Friday, August 23, 2013

Bush's Legacy Is Trashed. Why Would Obama Want to Follow Suit?

We had your back from Day 1. Where did you go?

Let's face it, Barack Obama has done enough good things -- helped us limp through a tepid recovery, overseen a return to civility (if only on his side), ended DADT, helped win the same-sex marriage debate, and brought us healthcare reform -- that his legacy is fairly well secured. Simply by letting Iraq and Afghanistan wind down was almost enough to place his presidency on the right side of sanity. Add support for sensible gun laws and Obama has done well.

Except -- this is crucial -- the president went and let the national security apparatus give him the smackdown he could have avoided. This is what threatens his legacy the most, that he didn't stand up to the thugs that naturally build up around defense.

The NSA is clearly out of control, its descent beginning as far back as TIA (Total Information Awareness) under John Poindexter early in the Bush years after 9/11. It came out of DARPA, the defense lab that gave birth to the Internet, and though Congress defunded TIA to get rid of it in 2003, it hung around like cancer and slowly metastasized.

And, like a cancer, it threatens not only Americans' constitutional rights but also Barack Obama's legacy. If it does, he'll have only himself to blame: You let the slimy critters live and they'll take over. And it seems they have.

Unfortunately, Obama has double-doubled down, firstly by saying at the beginning of his presidency that we would "look forward, not back" and leave off investigating the origins of torture and a host of black ops run by Bush's (or rather Dick Cheney's) cabal of blackguards, and secondly by participating in the stock prevarications used by all those in power who wish to preserve even the most sullied of their prerogatives. Power corrupts, and even Barack Obama with his lofty rhetoric has been so corrupted.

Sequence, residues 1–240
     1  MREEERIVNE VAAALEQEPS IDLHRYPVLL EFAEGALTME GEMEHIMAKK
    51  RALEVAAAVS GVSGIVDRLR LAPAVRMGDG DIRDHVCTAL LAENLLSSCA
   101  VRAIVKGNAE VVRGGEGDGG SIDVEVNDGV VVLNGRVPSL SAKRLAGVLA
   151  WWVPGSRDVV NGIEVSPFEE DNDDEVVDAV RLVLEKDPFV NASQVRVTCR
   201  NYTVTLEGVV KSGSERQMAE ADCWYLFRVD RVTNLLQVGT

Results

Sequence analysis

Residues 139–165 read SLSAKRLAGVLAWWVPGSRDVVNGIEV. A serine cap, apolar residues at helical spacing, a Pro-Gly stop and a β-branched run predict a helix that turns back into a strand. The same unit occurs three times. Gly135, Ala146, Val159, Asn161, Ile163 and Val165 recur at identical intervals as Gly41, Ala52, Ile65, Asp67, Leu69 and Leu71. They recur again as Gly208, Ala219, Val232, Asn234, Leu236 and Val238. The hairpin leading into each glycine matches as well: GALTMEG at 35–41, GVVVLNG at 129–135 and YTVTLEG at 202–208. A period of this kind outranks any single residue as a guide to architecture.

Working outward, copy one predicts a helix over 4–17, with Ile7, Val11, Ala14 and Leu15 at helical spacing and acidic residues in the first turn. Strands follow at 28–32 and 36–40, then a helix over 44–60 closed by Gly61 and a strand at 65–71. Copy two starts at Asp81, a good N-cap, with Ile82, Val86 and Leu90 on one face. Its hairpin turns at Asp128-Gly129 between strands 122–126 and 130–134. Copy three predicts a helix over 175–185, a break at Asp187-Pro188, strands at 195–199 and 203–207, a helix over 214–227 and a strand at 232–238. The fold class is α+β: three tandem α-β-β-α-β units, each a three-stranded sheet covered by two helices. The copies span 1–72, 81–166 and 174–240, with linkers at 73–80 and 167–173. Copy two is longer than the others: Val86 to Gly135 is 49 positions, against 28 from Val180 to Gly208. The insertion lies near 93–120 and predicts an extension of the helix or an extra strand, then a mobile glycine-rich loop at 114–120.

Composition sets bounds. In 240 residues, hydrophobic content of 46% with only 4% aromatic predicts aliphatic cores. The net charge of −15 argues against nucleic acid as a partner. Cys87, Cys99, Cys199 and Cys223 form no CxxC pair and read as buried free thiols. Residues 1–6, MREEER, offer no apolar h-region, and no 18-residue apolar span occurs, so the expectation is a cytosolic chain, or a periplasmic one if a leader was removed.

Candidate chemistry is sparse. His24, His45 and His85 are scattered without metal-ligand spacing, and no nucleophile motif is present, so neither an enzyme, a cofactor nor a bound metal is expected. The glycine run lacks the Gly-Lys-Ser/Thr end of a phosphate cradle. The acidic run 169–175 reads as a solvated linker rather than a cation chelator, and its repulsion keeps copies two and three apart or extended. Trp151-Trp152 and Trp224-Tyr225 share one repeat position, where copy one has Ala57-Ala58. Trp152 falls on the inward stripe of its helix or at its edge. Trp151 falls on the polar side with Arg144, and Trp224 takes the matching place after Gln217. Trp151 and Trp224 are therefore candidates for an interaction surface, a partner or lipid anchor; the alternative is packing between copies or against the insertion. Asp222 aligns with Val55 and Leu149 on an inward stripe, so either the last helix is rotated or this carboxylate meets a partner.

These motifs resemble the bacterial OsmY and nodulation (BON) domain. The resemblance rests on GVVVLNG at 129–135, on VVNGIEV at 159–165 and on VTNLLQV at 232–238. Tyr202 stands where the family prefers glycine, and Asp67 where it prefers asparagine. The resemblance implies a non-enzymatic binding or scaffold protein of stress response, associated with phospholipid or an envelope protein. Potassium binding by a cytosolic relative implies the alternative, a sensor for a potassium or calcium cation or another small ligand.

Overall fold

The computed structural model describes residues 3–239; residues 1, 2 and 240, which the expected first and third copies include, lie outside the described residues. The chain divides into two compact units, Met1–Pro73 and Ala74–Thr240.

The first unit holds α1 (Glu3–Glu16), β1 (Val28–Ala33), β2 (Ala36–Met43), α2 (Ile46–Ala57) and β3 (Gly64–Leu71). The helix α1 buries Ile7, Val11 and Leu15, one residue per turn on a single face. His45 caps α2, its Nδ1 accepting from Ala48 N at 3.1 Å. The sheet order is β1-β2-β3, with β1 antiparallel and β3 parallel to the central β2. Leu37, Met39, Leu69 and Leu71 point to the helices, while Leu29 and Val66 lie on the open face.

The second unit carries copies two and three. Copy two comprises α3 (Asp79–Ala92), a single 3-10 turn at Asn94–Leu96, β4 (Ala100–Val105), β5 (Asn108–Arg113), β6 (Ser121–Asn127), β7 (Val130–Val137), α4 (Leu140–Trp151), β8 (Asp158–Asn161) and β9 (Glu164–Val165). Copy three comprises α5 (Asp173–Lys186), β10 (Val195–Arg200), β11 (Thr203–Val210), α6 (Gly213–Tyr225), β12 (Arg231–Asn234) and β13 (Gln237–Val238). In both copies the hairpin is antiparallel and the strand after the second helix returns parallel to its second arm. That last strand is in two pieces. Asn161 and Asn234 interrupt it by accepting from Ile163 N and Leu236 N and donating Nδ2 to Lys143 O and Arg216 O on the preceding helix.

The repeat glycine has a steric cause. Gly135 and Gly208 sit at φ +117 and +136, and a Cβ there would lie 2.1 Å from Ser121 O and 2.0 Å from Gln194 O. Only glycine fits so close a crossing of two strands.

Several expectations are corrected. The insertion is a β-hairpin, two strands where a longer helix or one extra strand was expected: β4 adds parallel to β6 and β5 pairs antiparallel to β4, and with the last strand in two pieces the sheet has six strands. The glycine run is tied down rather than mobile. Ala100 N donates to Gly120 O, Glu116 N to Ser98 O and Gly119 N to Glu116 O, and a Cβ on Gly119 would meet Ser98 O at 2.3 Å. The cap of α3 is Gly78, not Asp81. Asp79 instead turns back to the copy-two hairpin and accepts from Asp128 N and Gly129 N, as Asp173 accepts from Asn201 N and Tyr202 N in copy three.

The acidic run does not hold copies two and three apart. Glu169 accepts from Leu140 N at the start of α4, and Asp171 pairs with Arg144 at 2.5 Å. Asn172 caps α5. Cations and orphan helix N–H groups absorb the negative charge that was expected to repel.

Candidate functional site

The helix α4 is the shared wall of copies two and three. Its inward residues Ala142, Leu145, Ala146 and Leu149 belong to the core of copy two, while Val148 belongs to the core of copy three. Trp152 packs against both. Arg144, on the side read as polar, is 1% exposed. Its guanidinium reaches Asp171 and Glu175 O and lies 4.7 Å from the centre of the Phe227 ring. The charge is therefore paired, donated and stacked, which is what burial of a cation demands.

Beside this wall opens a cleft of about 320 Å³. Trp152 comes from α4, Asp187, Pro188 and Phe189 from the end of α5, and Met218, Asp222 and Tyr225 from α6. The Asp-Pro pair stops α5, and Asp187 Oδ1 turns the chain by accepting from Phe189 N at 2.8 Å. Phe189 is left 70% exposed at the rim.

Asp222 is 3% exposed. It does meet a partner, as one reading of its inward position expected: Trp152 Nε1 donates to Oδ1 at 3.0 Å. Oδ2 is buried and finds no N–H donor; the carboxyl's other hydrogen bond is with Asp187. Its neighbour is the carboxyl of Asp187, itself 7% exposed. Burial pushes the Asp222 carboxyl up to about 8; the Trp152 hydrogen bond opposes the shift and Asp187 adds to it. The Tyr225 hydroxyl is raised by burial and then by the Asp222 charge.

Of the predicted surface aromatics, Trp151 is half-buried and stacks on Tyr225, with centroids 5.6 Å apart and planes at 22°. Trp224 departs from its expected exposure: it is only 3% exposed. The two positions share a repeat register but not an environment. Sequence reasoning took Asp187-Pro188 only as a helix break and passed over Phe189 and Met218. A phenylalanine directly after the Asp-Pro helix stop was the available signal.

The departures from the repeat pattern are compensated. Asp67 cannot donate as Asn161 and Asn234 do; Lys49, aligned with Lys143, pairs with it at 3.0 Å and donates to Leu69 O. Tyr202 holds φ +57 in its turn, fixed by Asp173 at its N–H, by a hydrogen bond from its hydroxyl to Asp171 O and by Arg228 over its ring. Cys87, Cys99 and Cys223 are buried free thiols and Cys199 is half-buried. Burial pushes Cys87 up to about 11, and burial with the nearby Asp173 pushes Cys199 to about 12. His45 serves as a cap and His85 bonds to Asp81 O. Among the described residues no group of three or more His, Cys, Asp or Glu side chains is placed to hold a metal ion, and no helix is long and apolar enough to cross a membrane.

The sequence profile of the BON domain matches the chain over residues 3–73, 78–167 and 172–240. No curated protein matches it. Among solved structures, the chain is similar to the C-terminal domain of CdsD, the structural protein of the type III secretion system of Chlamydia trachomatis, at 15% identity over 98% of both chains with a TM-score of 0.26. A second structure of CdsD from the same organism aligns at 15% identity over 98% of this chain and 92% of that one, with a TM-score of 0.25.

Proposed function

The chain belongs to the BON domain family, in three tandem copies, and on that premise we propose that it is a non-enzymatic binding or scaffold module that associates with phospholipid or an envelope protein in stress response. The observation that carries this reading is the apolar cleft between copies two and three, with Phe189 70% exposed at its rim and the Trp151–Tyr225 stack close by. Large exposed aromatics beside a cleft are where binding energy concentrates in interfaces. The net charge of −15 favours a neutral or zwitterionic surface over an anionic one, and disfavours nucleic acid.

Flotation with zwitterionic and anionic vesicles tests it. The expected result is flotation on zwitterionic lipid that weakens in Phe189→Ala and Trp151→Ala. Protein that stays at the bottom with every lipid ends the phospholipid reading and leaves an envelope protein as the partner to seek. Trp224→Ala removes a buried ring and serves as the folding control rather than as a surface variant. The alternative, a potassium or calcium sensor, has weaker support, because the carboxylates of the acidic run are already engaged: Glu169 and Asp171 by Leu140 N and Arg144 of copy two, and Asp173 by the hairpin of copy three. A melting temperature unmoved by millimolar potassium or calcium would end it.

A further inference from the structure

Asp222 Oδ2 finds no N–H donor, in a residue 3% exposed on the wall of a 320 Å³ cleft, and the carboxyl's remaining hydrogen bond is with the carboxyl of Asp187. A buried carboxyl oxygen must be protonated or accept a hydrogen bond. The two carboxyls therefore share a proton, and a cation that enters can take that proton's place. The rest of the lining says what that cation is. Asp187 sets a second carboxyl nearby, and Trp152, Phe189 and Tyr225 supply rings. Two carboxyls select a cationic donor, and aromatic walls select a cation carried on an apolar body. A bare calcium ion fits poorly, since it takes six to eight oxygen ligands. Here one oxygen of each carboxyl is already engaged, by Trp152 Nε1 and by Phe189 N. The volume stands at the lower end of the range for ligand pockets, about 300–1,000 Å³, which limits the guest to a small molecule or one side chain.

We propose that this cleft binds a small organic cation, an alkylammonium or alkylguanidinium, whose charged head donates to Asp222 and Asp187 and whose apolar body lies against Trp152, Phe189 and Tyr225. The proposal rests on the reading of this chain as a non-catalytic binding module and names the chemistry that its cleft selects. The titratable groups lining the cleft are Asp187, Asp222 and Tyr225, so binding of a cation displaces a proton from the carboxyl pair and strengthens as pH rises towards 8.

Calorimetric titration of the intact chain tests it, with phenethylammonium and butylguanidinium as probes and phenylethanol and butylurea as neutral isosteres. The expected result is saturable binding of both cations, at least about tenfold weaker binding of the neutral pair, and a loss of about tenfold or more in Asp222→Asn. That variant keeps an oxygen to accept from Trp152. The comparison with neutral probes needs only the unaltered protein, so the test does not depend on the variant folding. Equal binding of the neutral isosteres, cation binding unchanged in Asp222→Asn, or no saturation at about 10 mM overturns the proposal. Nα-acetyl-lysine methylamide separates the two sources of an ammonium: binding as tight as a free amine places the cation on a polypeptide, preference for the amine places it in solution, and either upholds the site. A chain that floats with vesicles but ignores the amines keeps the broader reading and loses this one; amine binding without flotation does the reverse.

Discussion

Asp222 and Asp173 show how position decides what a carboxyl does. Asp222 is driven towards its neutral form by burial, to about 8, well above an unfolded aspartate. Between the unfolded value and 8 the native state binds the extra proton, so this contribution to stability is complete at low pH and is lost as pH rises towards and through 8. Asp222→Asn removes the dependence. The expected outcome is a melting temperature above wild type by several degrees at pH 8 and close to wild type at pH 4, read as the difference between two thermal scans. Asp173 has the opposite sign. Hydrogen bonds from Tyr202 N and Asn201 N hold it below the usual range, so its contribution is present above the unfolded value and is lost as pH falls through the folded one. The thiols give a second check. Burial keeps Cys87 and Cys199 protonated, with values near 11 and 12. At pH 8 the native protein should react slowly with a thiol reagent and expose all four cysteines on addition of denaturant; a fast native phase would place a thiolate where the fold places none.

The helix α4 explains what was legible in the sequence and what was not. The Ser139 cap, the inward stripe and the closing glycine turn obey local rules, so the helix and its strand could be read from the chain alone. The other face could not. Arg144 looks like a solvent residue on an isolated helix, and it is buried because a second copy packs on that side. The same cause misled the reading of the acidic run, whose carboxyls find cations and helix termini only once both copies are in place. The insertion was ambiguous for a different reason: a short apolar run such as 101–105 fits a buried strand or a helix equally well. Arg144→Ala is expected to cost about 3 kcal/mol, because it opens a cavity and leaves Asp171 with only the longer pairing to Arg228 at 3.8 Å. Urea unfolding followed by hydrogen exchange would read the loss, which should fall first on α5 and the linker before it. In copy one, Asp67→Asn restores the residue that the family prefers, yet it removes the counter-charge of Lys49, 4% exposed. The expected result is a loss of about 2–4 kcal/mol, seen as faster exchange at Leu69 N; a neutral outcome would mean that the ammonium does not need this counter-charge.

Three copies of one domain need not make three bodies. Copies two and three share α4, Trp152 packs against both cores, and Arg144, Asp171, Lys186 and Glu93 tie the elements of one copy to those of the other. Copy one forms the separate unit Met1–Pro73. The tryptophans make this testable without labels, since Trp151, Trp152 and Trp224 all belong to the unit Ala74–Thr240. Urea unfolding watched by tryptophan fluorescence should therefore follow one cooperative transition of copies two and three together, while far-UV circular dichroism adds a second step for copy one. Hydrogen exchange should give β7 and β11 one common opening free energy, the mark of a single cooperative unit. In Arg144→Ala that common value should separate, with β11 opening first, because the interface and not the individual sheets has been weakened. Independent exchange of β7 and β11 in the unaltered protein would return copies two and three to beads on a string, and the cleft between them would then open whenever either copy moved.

Obama didn't just let it lie there. He actually tripled down through the Justice Department, with its ruthless pursuit of whistleblowers and leakers, using antiquated statutes to label anyone who went up against this overgrown, out-of-control surveillance leviathan a traitor, a spy, an enemy of the state.

Sorry, Mr. President, somebody is listening to our phone calls.

Now, to a great extent, it doesn't matter what Barack Obama does in the remaining 3 and 1/2 years in office. Obamacare can be a great success, gun control might yet stage a comeback, immigration reform might yet pass the Congress. But in many ways, Obama has already drawn a weak hand and traded in the wrong cards by standing on the podium and saying that "your government doesn't spy on you" when he knows that it does and should have known better than to think the American people would believe him. They don't. And it was the first and clearest example of how an apparent man of principle loses his when he ascends to the White House.

Perhaps that's why Obama allowed his administration to so ruthlessly hunt down leakers. Obama wanted to be the leaker-in-chief, wanted to manage the message at all costs, to control the talking points. Edward Snowden, like Bradley Manning before him, had a very clear message to Barack Obama: We got your talking points right here, Mr. President.

Barack Obama had the clearest path laid out before him when he was elected, and that path was untrod by George W. Bush. Why, then, did Obama turn and follow Bush into the oblivion of the power-hungry? Maybe someday Obama will write the book on how good men go wrong. Or maybe he's writing it now.

Update. Talking Points Memo has a feature out today listing the major revelations on the NSA front. It's a must-read. And to pile on, TPM flags this ridiculous bit of flim-flamery. C'mon, Barack. You're not doing yourself any favors.

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